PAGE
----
Colorado flag money spending financing

Colorado’s most mysterious donor has been busy this election season, contributing $34,950 to Coloradans for Safer Neighborhoods, an independent expenditure committee run by Taylor Rhodes, the new executive director of Rocky Mountain Gun Owners.

Tatnall Hillman of Aspen has been RMGO’s most generous individual donor over the last six years, with $126,000 in donations to RMGO’s IEC. This year, his only contribution so far to IECs in Colorado has been to Safer Neighborhoods, which is running opposition ads on Democratic Reps. Bri Buentello of Pueblo, Barbara McLachlan of Durango and Brianna Titone of Arvada.

Over the last decade, Hillman, who is notoriously reclusive and refuses to give interviews, has made $177,250 in contributions to Republican candidates and affiliated causes in Colorado, according to TRACER, the Secretary of State's campaign finance database. RMGO has received most of that, at $160,950.

Hillman has been far more generous over the years at the federal level, with close to $2 million in contributions in each of the last two election cycles. Most notably, in 2018, he backed Republican U.S. Rep. Scott Tipton of Cortez with a maximum contribution of $5,400. In 2020, however, he was an early backer of Tipton’s primary opponent, Lauren Boebert, with a total of $4,600 in contributions beginning in March.

Hillman’s money comes from oil and gas. His biggest federal donations this year have been to political action committees, including $88,000 to Drain the Swamp PAC, at least $61,000 to the Club for Growth PAC and $12,500 to the House Freedom Fund.

Hillman doesn’t quite make the list for the top 100 individual contributors to federal PACs and candidates, but he’s not far off of it, either. The only Coloradan on that list, according to the Center for Responsible Politics’ Open Secrets database, is Democrat Pat Stryker of Fort Collins, with $2.3 million in total contributions in the 2020 election cycle.

Stryker has also been very busy this election season. In addition to the $2.3 million in contributions at the federal level, she’s also put $24,525 into the campaign coffers of Democrats running for the General Assembly, as well as a $250,000 contribution in August to the committee backing Proposition EE.

The top baker's dozen donors to Colorado committees since July 1: 

  • Stacy Schustermann of Tulsa, Oklahoma, CEO of Samson Resources:  $1.2 million total, with $500,000 to Abortion Access for All (opposed to Proposition 115), $500,000 to A Brighter, Healthier Future for Colorado's Kids (backing Proposition EE) and $200,000 to Colorado Families First (backers of Proposition 118 on paid family leave)
  • Kent Thiry, former CEO of DaVita: $1 million to the Yes on Amendment B campaign (repeal of Gallagher Amendment)
  • Merle Chambers of Denver, former CEO of Axem Resources: $440,675 total, with $200,000 to Abortion Access for All, $100,00 to Colorado Families First, $50,000 to Fair Tax Colorado (opposition to Proposition 116 and 117), $25,000 to Yes on National Popular Vote and $100,000 to Leading Colorado Forward, which runs opposition ads on Republican candidates for the General Assembly. The rest went to candidates for county commissions, the General Assembly, and $1,250 to Secretary of State Jena Griswold's re-election campaign.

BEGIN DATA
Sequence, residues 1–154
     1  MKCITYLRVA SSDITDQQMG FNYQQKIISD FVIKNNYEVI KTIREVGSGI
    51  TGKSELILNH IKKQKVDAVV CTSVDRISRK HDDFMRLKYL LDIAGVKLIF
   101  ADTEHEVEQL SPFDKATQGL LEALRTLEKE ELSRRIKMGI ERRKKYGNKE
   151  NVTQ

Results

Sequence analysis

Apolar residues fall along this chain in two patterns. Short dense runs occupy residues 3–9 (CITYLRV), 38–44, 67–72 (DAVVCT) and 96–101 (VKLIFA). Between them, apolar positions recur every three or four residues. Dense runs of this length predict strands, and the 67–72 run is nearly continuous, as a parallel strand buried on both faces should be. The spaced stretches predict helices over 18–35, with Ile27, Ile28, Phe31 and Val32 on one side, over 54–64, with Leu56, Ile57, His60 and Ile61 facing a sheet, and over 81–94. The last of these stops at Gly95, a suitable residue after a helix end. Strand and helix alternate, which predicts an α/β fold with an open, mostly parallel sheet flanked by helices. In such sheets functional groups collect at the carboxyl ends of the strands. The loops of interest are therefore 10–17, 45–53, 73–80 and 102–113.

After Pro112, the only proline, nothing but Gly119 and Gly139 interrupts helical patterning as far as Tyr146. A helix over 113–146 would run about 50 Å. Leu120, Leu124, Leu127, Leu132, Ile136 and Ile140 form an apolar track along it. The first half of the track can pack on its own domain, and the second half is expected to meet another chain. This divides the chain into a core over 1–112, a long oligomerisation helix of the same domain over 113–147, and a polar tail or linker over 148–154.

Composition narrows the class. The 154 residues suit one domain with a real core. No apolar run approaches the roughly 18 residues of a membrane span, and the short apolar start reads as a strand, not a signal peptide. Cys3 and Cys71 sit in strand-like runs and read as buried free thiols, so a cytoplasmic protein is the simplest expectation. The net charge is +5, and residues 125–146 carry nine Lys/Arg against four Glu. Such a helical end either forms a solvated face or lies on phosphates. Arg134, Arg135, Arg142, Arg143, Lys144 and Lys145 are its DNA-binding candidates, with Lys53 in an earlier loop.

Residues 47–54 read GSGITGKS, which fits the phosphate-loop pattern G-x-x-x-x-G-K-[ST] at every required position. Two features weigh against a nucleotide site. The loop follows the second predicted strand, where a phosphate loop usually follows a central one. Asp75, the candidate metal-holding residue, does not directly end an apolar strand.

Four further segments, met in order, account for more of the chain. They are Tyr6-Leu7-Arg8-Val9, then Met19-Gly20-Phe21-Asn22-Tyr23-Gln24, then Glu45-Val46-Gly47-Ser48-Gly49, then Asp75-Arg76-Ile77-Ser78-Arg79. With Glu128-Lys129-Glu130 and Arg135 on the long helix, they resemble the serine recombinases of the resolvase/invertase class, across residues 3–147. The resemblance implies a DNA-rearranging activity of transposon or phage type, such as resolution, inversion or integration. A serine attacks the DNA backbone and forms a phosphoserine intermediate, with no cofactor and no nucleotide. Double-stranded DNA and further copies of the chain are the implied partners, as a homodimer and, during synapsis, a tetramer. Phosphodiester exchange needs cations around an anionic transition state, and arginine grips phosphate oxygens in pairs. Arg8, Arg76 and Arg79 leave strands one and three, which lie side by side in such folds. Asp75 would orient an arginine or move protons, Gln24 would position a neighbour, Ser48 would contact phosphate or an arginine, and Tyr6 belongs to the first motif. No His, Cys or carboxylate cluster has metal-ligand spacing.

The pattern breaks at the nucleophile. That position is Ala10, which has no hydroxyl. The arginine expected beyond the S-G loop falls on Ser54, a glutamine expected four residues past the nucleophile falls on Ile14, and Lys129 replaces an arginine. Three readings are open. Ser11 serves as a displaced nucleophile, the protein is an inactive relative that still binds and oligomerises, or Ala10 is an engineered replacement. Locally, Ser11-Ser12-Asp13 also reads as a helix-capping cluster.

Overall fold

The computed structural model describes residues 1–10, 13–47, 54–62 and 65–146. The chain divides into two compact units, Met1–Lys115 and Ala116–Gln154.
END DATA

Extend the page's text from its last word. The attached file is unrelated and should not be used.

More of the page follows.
• Pat Stryker, $250,000 to A Brighter, Healthier Future for Colorado's Kids
  • Stephen Silberstein of Belvedere, California, retired inventor of Innovative Interfaces, which created automated systems for libraries: $250,000 to Yes on National Popular Vote (Proposition 113) 
  • Sage Weil of Madison, Wisconsin, a tech entrepreneur: $250,000 to Yes on National Popular Vote
  • Reuben Munger of Boulder, managing partner of Vision Ridge Partners, a venture capital firm: $166,666 to the Conservation Colorado Victory Fund
  • Josh Jones of Santa Monica, California, founder of the Mudd Incubator: $155,528 to Yes on National Popular Vote
  • Sam Walton of Bentonville, Arkansas: $125,000 to the Conservation Colorado Victory Fund
  • David Desjardins of Burlingame, California, one of the first 20 employees of Google: $117,631 to Yes on National Popular Vote
  • Blair Richardson of Denver, CEO of Bow River Capital: $100,00 to Yes on Amendment B
  • Jacklyn Bezos of Mercer Island, Washington (mother of Amazon CEO Jeff Bezos): $100,000 to A Brighter, Healthier Future for Colorado Kids (Proposition EE). 
  • Miguel Bezos of Mercer Island, (Jeff Bezos' father), $100,000 to A Brighter, Healthier Future for Colorado Kids

A new independent expenditure committee is employing a different approach to campaign finance reporting. It’s the Progressive Voters Guide IEC, which is run by ProgressNow Colorado and mirrors similar voter guides in California, Michigan, Pennsylvania, Texas, Virginia, Washington and Wisconsin, all under ProgressNow. 

The committee’s campaign finance reports don’t identify specific candidates for its spending, but ProgressNow’s Ian Silverii said the voter guide backs all Democratic statewide candidates as well as issuing positions on the 11 statewide ballot measures. Many IECs routinely list multiple candidates on their expenditure filings, making it impossible to know just how much is being spent on an individual candidate.

Where the voter guide IEC differs, is because all the spending to date has gone to Google and Facebook, which direct voters to the voter guide, rather than spending directly on a a specific candidate or ballot measure.

As of Monday, the guide has drawn 109,175 clicks, which cost about 32 cents each. It averages about 12,000 clicks per day, and the average engagement time is a whopping 10½ minutes, according to Silverii.

Ballot initiatives appear to be driving much of the traffic, and Silverii said the number one ballot measure being checked out by voters is Amendment B, the Gallagher repeal.

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